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Published: Sunday March 29, 2015 MYT 12:00:00 AM
Updated: Sunday March 29, 2015 MYT 10:26:49 AM

Mourning a great leader

Spontaneous and emotional outpouring of grief by Singaporeans is indeed a testament to Lee Kuan Yew’s extraordinary achievement in creating a united nation out of a divided, polyglot, multi-racial and multi-religious population.

THE fact that today our Yang di-Pertuan Agong will represent Malaysia at Lee Kuan Yew’s funeral – an epochal event in the history of Singapore – speaks volumes of the island’s founding father as the greatest statesman in South-East Asia.

In fact, President Richard Nixon held him up as a leader of similar stature as Winston Churchill. Most importantly, Lee was also instrumental in the formation of Malaysia and hence he and a generation of Singaporeans were once, albeit briefly, Malaysians between 1963 and 1965.

Born on Sept 16, 1923, Lee read law at Cambridge University and obtained a starred double first and started practising as a lawyer in 1950 for almost a decade. As a legal assistant, he took up cases for trade unions, often on a pro bono basis. This undoubtedly helped him later to generate mass support for him when he became prime minister in 1959.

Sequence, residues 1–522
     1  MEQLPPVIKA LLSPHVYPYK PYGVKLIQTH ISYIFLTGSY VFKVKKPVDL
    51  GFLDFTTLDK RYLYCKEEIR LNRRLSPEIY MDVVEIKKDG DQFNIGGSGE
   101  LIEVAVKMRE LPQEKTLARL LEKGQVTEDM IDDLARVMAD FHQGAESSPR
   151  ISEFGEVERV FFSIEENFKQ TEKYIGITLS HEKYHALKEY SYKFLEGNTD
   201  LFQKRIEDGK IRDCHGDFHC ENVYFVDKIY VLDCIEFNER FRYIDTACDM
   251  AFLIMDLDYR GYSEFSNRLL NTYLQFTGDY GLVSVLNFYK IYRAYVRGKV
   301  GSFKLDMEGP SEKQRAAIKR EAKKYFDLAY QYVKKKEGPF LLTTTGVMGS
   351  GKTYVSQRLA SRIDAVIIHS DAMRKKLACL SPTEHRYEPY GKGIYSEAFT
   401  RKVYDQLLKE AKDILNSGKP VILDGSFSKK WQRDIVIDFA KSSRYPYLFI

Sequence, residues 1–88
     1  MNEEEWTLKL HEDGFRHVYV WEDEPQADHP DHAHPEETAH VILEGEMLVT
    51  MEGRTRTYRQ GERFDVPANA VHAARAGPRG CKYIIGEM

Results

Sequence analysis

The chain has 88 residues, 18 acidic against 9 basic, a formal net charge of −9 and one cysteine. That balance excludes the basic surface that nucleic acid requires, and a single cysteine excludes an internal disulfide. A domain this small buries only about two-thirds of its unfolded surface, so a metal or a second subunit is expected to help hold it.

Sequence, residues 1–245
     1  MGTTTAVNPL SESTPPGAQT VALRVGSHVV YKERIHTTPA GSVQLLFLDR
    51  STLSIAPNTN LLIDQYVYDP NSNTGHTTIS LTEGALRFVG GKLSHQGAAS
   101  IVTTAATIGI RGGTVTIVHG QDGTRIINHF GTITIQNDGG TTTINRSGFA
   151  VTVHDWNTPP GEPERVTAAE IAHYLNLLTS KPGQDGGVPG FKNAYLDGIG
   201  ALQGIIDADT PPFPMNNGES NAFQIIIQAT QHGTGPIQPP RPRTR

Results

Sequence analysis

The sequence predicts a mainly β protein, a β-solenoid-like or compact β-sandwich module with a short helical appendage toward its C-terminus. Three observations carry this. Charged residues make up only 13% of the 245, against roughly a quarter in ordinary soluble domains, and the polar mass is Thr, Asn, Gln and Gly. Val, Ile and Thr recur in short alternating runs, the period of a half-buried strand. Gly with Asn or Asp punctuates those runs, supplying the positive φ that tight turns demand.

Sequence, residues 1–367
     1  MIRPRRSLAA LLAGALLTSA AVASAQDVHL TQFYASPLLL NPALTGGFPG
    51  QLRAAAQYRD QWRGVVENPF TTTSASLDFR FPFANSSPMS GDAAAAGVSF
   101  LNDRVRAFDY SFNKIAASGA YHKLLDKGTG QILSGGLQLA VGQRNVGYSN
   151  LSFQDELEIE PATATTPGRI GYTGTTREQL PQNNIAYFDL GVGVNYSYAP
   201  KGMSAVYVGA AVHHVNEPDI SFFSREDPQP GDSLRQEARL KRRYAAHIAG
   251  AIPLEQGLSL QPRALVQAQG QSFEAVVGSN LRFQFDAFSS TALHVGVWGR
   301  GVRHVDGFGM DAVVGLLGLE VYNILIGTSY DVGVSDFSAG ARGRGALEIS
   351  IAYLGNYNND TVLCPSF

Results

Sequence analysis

Almost half a million Singaporeans have already turned up at Parliament House and the 18 community tribute sites to pay their last respects to the nonagenarian. Thousands more did not mind queuing for up to 10 hours the night before in order to reach the Parliament House where the body is lying in state.

This spontaneous and emotional outpouring of grief by Singaporeans is indeed a testament to Lee’s extraordinary achievement in creating a united nation out of a divided, polyglot, multi-racial and multi-religious population. It is ironic that someone who had believed in Machiavelli, making him the most feared person in Singapore, is now someone who is most loved by his people. It is understandable that Singaporeans’ biggest regret is that their founding father would not be there on Aug 9 for their 50th national day celebrations.

Lee was indeed a great leader in every sense of the word. He was humble enough to say sorry if he was wrong and if it was in the best interest of his county to do so. Hence, he had apologised to Malaysia a few times for some of his acerbic comments.

He was also a first-class diplomat whose advice was often sought by leaders of superpowers even though he was just the head of “a little red dot” on the world map.